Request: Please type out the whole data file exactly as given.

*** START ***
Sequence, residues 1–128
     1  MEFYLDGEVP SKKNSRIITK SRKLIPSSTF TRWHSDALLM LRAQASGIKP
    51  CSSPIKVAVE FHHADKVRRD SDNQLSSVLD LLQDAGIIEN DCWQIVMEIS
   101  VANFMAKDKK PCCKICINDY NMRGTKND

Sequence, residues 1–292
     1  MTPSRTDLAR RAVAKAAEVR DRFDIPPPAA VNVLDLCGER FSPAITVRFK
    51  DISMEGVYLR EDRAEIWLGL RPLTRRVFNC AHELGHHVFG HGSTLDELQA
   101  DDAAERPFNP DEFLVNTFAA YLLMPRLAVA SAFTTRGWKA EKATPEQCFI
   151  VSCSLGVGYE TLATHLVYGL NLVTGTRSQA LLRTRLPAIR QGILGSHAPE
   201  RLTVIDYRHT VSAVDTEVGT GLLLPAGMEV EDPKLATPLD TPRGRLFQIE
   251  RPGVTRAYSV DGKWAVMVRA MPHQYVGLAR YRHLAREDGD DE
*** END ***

Sequence, residues 1–128
     1  MEFYLDGEVP SKKNSRIITK SRKLIPSSTF TRWHSDALLM LRAQASGIKP
    51  CSSPIKVAVE FHHADKVRRD SDNQLSSVLD LLQDAGIIEN DCWQIVMEIS
   101  VANFMAKDKK PCCKICINDY NMRGTKND

Sequence, residues 1–292
     1  MTPSRTDLAR RAVAKAAEVR DRFDIPPPAA VNVLDLCGER FSPAITVRFK
    51  DISMEGVYLR EDRAEIWLGL RPLTRRVFNC AHELGHHVFG HGSTLDELQA
   101  DDAAERPFNP DEFLVNTFAA YLLMPRLAVA SAFTTRGWKA EKATPEQCFI
   151  VSCSLGVGYE TLATHLVYGL NLVTGTRSQA LLRTRLPAIR QGILGSHAPE
   201  RLTVIDYRHT VSAVDTEVGT GLLLPAGMEV EDPKLATPLD TPRGRLFQIE
   251  RPGVTRAYSV DGKWAVMVRA MPHQYVGLAR YRHLAREDGD DE